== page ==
General Electric’s GEnx reached 80,500lb thrust (360kN) on 21 March, two days after its first run at the company’s Peebles test site in Ohio.

Testing of the new engine, which will power the Airbus A350 and Boeing 787 and 747-8, includes a maturation programme that will run for 50,000 cycles, and reach the 15,000 mark by service entry in 2008.

GE nx engine Fan W445

Ground testing began last week at GE's Peebles plant

Initial tests are focused on the GEnx variant for the 787, with flight tests on GE’s 747-100 flying testbed targeted for the third quarter of this year. The engine is scheduled to begin flight tests on the 787 around a year later.

The GEnx-72A1 variant of the engine, originally launched into development as the GEnx-54/64 and -70B1 series for the 787, is due to enter service on the A350 in 2010, two years behind the Boeing twinjet. First engine test for the A350 variant is set for late 2007 and US certification is targeted for early 2009.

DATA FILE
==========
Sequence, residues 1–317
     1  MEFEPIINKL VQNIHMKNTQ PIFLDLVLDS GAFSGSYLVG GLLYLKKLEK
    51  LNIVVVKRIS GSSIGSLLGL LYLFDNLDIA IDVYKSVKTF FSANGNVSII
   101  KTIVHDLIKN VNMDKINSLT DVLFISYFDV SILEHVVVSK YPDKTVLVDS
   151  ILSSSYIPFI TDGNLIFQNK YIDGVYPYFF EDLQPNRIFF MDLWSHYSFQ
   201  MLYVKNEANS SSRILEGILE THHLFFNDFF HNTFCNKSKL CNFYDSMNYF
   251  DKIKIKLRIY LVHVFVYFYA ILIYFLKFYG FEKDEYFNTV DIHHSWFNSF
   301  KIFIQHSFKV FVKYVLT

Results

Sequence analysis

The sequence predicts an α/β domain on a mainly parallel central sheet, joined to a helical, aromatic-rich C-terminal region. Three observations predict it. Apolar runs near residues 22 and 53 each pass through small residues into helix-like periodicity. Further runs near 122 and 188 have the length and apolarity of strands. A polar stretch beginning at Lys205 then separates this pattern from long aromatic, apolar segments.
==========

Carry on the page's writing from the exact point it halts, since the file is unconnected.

The first run of the GEnx for the 747-8 is targeted for the third quarter of 2007, with service entry on the freight version set for around August 2009. Fan diameter for the 747-8 variant will be slightly smaller at 2.64m (104in) versus the 2.82m fan of the 787 version, and the engine is adapted to produce bleed air.

The first runs of the GEnx come five weeks after the initial run of the competing Rolls-Royce Trent 1000, which was started for the first time on 14 February. R-R reveals that the initial Trent 1000 test engine generated thrust levels “well in excess” of 80,000lb during the final series of runs before its removal from the test stand on 14 March. The thrust level is believed to be around 10% higher than the 75,000lb take-off thrust rating offered at the top end of the Trent 1000 rating scale, and therefore well above the maximum 74,000lb thrust requirement currently expected for the stretched 787-9.


Source: Flight International